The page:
Nov 20, 2008

Eighth - Caliwvn (Greetings)

Usual Greetings.

The standard greeting among the Mapuce people is "mari mari".
It cannot be translated literally as it just repeats twice the numeral "mari" = ten.
After this phrase, it is usually added the word "brother/sister" that presents certain particularities.
Women should call both men and women using the word: "lamgen" (also pronounced "lamien" or "lamuan" depending on the local varitations)
Men say "lamien" ("lamgen" / "lamuan") to women BUT "peñi" to other men.

1. Gvxamkan: Conversation:

- Mari mari
- Mari mari, ¿cumleymi?
- (Iñce) k
vmelen, ¿eymi kay?
- Iñce kafey

- Mari mari, ¿cumleymi?
Note the use of the inverted question mark as in Spanish: ¿cumleymi?
This question is composed by the interrogative pronoun "cum-" = how; "-le-" as we explained in a previous entry (Seventh - Pronouns, 4.5.) this particle marks that what is being asked or mentioned is happening at the moment it is pronounced, a sort of Present Continuous marker, although it is also used to "verbalize" words, as in this case. "-ymi" is the suffix for the 2nd. Person Singular.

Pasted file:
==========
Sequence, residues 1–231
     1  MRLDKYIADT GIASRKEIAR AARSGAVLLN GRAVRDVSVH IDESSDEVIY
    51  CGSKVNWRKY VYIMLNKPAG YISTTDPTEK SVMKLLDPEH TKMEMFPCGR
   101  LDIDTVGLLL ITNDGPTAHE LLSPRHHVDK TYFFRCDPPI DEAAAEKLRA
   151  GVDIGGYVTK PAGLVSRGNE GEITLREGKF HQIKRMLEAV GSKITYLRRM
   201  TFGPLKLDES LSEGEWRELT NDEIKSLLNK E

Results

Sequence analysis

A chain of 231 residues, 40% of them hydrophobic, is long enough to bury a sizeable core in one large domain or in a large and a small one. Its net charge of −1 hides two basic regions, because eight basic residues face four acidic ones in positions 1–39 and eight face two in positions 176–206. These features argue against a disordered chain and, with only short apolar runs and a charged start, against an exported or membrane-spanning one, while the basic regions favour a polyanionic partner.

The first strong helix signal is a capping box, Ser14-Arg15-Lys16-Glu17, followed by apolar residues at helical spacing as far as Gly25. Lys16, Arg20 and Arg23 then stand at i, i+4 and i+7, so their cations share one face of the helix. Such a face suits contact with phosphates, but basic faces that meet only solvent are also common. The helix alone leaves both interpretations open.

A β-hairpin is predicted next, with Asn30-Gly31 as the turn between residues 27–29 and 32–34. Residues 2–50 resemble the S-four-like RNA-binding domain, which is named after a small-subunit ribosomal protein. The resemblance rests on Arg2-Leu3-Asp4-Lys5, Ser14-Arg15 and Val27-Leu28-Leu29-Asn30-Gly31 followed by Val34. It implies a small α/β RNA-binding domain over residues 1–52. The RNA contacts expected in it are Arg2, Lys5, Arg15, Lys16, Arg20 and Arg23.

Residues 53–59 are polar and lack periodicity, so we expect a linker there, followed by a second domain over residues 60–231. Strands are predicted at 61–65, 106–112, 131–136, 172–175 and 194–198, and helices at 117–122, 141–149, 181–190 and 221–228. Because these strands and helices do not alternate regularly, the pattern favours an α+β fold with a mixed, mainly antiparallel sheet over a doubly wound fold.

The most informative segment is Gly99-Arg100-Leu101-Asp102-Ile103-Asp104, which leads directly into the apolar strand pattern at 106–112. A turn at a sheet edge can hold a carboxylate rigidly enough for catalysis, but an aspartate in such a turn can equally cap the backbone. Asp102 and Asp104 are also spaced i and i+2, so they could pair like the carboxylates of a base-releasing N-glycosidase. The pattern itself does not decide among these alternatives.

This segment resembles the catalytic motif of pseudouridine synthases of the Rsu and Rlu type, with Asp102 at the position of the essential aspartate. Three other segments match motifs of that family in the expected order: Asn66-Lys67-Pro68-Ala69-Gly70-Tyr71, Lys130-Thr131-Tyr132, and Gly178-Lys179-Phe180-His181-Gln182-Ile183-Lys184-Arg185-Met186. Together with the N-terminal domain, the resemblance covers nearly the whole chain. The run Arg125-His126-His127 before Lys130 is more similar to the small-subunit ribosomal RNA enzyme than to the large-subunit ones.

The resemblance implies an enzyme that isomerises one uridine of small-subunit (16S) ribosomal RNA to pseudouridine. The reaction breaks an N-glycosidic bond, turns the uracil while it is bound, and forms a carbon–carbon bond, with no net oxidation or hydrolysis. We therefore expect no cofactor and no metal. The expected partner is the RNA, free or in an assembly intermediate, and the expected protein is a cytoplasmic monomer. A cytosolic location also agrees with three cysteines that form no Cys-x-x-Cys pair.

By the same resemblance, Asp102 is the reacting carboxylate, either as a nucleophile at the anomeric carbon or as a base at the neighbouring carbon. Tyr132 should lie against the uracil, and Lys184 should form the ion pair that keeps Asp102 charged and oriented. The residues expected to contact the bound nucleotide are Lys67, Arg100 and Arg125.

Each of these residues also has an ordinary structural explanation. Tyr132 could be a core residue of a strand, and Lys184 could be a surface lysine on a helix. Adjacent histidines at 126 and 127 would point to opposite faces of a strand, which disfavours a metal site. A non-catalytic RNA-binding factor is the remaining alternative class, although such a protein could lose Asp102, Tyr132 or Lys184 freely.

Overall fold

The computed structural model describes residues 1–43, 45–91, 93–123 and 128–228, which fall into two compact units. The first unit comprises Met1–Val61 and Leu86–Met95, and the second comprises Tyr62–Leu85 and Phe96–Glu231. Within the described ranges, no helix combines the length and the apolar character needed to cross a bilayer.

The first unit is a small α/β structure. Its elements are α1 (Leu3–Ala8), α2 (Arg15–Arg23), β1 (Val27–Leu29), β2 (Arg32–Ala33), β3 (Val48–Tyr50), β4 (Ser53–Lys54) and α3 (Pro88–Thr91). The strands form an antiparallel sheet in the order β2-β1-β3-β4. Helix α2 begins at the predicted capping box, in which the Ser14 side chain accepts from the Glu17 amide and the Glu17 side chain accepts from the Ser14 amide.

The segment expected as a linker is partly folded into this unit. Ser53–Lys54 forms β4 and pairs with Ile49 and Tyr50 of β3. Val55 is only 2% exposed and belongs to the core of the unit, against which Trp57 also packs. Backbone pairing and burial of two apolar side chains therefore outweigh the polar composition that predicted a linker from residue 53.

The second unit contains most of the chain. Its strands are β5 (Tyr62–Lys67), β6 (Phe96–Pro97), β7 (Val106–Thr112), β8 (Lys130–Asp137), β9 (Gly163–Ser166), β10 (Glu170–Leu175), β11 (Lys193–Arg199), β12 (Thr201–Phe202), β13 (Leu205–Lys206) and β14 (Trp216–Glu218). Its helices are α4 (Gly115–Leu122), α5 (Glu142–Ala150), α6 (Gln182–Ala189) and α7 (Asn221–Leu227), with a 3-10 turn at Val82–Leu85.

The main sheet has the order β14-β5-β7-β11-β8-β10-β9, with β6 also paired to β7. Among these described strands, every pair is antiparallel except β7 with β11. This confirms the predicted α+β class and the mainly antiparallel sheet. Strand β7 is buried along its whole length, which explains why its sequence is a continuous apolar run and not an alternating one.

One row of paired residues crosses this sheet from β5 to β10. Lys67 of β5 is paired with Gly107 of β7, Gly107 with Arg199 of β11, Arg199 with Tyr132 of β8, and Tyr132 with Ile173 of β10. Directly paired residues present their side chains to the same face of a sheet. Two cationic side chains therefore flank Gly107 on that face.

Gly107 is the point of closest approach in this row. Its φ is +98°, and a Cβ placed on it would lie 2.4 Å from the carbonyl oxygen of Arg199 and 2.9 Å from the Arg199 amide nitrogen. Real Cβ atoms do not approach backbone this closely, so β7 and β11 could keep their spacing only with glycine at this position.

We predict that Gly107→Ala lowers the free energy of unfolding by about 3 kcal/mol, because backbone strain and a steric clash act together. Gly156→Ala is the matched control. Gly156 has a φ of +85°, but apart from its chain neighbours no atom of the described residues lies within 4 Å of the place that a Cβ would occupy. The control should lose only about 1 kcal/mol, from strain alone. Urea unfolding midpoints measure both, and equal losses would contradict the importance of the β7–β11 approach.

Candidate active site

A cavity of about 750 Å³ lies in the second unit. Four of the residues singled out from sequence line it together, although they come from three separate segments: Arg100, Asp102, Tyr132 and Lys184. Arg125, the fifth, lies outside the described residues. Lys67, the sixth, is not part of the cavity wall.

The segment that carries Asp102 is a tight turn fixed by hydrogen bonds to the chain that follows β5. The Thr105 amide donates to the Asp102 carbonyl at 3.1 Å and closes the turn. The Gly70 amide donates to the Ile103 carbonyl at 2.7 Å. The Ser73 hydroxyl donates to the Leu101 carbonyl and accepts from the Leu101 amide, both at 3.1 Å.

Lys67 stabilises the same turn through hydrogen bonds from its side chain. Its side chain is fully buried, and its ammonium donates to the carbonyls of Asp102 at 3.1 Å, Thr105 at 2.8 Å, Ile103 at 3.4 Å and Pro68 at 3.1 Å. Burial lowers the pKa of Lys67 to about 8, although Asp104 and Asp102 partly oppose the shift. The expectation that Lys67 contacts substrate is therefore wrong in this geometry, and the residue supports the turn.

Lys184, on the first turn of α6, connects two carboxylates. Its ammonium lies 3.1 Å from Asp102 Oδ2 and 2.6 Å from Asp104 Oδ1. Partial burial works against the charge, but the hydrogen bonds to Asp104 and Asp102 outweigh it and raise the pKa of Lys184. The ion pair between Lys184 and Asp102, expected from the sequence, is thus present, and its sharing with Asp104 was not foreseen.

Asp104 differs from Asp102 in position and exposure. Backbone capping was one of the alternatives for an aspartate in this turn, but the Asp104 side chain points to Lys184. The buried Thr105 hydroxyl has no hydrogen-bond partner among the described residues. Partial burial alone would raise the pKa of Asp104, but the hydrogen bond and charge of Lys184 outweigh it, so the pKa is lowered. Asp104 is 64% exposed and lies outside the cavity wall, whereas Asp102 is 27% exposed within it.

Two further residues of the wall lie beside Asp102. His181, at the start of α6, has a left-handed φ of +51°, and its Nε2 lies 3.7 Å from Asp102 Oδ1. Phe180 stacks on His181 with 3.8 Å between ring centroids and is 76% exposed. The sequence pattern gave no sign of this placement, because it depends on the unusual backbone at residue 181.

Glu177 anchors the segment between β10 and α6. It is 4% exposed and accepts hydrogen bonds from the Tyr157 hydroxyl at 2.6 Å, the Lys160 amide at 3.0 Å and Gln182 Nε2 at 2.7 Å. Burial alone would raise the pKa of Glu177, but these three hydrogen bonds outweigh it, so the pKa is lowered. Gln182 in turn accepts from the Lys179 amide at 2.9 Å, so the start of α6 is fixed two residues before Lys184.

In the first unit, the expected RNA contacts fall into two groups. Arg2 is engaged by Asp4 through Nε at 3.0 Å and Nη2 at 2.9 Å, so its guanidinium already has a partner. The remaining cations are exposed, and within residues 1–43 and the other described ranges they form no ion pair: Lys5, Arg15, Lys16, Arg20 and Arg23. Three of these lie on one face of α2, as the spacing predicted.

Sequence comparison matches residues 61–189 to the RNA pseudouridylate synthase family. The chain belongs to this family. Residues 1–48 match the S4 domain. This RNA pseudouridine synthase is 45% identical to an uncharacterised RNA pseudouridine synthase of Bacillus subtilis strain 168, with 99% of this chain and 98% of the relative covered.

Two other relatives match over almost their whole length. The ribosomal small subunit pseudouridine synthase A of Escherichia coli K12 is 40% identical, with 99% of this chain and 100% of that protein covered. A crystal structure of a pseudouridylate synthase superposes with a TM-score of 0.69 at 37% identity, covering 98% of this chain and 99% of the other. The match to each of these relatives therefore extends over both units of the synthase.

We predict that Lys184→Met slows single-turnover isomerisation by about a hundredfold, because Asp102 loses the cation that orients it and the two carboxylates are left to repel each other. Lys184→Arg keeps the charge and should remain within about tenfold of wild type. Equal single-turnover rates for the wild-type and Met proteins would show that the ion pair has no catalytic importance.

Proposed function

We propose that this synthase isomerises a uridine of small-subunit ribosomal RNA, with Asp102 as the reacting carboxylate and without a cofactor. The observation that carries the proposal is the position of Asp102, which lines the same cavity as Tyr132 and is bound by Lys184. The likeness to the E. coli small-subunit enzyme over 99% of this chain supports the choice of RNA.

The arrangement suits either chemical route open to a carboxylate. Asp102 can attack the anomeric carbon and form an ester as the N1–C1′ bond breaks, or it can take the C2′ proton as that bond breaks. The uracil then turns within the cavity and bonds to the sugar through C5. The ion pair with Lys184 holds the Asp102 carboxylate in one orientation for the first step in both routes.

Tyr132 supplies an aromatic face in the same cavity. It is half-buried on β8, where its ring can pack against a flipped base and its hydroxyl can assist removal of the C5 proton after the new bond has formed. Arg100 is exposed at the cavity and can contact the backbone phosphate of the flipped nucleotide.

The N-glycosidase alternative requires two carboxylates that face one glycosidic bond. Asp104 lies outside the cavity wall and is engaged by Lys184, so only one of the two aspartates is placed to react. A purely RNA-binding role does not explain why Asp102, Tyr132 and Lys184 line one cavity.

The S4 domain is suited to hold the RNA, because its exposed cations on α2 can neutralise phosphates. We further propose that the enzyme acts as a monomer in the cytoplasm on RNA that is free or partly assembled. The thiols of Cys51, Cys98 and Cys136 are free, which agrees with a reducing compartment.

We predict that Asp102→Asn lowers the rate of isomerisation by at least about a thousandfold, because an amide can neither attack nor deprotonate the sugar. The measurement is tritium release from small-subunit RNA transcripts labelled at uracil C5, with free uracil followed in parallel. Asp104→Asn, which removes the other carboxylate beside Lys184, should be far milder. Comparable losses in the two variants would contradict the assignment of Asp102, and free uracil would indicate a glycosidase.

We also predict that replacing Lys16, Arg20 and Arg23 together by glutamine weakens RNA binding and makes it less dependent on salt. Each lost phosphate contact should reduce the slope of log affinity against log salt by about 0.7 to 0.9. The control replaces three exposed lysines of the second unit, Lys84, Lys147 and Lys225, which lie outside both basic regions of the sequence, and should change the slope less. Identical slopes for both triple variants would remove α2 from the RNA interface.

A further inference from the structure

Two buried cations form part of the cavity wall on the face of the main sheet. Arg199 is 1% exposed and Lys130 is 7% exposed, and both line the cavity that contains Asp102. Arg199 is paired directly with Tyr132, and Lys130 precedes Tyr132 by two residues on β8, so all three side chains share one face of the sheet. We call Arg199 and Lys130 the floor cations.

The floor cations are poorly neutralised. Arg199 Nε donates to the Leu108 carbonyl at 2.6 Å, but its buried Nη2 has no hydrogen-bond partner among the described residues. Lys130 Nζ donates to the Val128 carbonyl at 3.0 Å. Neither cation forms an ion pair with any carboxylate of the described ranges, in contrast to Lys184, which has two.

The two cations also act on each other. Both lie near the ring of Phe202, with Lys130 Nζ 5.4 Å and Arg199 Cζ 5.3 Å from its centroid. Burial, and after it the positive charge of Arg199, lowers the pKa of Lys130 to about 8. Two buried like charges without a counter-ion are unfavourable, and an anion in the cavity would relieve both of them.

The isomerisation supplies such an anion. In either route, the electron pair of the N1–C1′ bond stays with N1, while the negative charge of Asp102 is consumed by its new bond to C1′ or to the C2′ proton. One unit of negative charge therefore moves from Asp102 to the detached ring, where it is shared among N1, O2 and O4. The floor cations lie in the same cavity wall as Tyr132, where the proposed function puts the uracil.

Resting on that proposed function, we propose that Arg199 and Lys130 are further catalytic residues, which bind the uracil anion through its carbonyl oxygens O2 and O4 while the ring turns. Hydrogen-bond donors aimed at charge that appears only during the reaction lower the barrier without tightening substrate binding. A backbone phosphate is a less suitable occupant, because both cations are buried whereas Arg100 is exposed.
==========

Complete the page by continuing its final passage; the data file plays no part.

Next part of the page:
In her Mapuce Course[1] Maria Catrileo recommends the use of the Interrogative Particle "am", then this question should be: ¿cumleymi am?. According to Prof. Cañumil, the Particle "am" should not be used in this kind of constructions and this is the position I will take for this blog.

- (Iñce) kvmelen, ¿eymi kay?
Note: the Personal Pronoun "iñce" is between brackets to mark its use is not mandatory. The verbal suffix "-n" marks the 1st Person Singular and makes irrelevant the use of the Personal Pronoun.
The response to the previous question is "kvme-" (of "kvmen" good) + the particle "-le-" + the verbal suffix "-n".
The question "¿eymi kay?" consists of the Personal Pronoun for the 2nd. Pers. Singular.
The particle "kay" is used to "return" the previous question to the other speaker.

- Iñce kafey
Note: "kafey" means "too" (i.e. "me, too")

2. Other greetings:
When leaving. we can say: "Pewkajal" and to this greeting, we can add the usual address "lamien / lamgen / lamuan" or "peñi" depending on the sex of the other speaker, as explained previously in this entry.
At night or in the evening and not to "temp fate" this greeting should be reformulated and becomes "Pewkalekejal"
Notice the use of the particles "-le-" and "-ke-"

[1] Catrileo, Maria, Mapudunguyu - Curso de lengua mapuche, Univ. de Chile, Facultad de Filisofía y humanidades, 1988

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